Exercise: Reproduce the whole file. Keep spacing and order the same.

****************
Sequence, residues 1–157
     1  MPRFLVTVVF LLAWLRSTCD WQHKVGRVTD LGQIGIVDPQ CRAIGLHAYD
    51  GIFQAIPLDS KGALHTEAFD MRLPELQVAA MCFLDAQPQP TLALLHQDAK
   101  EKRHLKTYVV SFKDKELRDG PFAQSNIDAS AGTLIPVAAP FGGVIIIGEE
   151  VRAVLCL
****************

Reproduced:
Sequence, residues 1–157
     1  MPRFLVTVVF LLAWLRSTCD WQHKVGRVTD LGQIGIVDPQ CRAIGLHAYD
    51  GIFQAIPLDS KGALHTEAFD MRLPELQVAA MCFLDAQPQP TLALLHQDAK
   101  EKRHLKTYVV SFKDKELRDG PFAQSNIDAS AGTLIPVAAP FGGVIIIGEE
   151  VRAVLCL